"A 'Chic' in Every Pot" Early Doulton Burslemware

Nearly two-hundred years before the porcelain figurines and fine bone china dinnerware, simple stoneware products were the mainstay of the Doulton Company. Founder, John Doulton, was a trained potter who realized stoneware items could be useful in the fight to stop the spread of cholera and typhoid within the city of London.

He produced the first "sanitary ware" which were toilets, urinals, bath tubs, sinks, pipes, tiles, and insulators. When indoor plumbing and sanitation drains were introduced, clean water prevailed because of the tile industry. Service industries such as markets, hotels, and transportation stations incorporated the easy to maintain and clean Doulton stoneware products. As electricity replaced gas, the ceramic insulator demand also kept the Doulton business thriving. London's industrial growth created larger more efficient kilns that were able to mass produce huge amounts of products, including artistic consumer items. The fast growing middle class demanded artistic home goods that would adorn their homes as well as serve utilitarian purposes.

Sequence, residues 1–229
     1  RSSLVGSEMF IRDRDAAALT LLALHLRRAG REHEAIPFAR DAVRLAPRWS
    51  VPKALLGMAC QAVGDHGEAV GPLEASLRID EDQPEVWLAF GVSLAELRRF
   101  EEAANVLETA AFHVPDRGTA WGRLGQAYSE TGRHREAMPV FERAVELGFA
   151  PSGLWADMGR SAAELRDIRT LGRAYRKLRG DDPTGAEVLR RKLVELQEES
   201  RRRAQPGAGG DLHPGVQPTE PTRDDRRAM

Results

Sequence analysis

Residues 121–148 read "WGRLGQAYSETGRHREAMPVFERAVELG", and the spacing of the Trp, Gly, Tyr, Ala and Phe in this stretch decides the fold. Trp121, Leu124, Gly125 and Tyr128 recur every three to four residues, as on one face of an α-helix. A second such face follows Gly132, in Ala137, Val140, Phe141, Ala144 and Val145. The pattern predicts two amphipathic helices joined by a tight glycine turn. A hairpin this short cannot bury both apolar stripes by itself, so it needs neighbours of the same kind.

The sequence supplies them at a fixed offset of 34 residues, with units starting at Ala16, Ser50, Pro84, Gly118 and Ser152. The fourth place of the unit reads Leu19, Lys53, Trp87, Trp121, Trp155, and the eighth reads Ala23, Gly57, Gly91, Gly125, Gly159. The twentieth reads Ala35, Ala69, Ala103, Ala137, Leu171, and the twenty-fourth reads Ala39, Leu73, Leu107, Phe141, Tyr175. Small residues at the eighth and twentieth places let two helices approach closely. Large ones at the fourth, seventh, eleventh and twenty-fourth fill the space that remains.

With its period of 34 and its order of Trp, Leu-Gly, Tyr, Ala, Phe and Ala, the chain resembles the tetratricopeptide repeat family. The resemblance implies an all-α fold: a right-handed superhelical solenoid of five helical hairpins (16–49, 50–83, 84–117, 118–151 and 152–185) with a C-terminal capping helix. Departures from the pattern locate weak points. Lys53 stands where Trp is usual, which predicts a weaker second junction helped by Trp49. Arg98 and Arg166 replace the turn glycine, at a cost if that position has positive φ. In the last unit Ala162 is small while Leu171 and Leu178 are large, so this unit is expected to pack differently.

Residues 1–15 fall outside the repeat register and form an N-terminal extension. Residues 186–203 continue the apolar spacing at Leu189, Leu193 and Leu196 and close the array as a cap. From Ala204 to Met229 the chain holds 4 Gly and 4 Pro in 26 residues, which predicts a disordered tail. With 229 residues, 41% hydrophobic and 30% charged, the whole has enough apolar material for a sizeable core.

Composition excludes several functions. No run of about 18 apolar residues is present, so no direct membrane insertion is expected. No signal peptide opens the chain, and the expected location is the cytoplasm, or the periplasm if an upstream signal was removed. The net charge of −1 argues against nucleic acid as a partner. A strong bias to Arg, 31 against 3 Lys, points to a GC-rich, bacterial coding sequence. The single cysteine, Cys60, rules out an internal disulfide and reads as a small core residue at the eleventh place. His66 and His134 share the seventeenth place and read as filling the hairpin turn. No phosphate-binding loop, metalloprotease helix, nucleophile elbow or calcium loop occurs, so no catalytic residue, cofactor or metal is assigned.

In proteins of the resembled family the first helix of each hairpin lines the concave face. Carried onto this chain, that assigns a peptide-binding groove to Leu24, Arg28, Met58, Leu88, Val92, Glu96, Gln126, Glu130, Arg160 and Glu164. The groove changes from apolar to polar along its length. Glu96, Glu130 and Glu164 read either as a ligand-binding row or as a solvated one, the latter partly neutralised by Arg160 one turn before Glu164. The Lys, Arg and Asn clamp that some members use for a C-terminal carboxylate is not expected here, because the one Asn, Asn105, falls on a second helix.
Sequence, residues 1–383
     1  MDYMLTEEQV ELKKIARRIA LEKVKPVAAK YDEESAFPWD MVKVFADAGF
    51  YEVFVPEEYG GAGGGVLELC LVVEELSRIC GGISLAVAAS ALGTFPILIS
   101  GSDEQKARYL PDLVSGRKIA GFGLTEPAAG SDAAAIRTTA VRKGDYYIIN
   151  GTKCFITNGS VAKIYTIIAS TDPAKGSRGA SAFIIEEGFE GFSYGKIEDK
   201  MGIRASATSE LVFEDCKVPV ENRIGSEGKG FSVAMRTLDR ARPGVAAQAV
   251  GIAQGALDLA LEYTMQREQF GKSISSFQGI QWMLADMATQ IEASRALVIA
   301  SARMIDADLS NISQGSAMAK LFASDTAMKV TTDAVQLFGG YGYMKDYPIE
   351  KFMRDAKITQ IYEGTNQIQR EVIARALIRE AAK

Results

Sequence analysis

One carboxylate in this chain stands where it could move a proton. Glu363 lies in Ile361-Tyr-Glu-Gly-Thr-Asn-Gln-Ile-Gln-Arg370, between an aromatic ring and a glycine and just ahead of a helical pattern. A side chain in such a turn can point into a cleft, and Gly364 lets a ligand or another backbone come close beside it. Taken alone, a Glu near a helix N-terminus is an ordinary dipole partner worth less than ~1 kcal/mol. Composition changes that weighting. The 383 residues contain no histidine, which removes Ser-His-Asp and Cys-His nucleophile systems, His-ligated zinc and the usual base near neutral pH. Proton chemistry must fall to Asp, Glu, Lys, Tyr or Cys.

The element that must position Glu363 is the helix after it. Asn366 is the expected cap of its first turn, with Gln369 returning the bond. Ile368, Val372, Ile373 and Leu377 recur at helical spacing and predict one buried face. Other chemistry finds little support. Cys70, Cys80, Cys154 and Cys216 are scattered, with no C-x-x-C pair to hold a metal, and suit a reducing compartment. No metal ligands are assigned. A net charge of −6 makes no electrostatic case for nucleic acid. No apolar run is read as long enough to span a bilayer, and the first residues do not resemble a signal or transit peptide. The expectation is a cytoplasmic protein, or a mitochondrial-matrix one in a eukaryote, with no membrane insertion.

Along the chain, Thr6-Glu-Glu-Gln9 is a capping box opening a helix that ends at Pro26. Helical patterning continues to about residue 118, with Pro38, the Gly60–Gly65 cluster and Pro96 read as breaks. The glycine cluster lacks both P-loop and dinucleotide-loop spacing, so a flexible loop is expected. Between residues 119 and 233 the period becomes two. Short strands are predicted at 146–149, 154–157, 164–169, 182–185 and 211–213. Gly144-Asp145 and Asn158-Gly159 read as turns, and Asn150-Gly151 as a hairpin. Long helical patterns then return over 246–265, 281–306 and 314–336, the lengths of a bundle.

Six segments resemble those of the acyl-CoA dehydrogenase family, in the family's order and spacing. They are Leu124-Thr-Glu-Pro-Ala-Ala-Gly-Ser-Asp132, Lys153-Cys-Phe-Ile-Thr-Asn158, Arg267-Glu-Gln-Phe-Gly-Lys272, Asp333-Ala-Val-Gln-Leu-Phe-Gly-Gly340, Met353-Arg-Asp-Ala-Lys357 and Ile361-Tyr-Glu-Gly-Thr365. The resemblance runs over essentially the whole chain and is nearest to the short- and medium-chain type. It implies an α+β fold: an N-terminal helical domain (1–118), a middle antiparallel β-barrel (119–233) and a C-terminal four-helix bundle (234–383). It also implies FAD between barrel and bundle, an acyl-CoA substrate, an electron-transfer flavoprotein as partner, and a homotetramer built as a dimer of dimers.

During the reign of Queen Victoria, Henry Doulton established the Lambeth Studio which created artistic ceramic ware ranging in size from tiny miniatures to life-sized statuary. These ceramics graced many church pulpits, baptismal fonts, and alters throughout Europe. Techniques such as sprigging, lace appliqué, gold gilt, sgraffito, pate sur pate, agate, and faience rapidly peaked in popularity and thus, the business expanded. This economic boom created employment for both men and women and in turn, created more disposable income for the rising middle class. Henry Doulton was knighted for his business and humanitarian success and the company became Royal Doulton, in 1901. The Royal Doulton brand remains today as the hallmark of fine china and porcelain.

From the collection of Kay VanDeGraaf, Pettipointe #243
(Sources available upon request)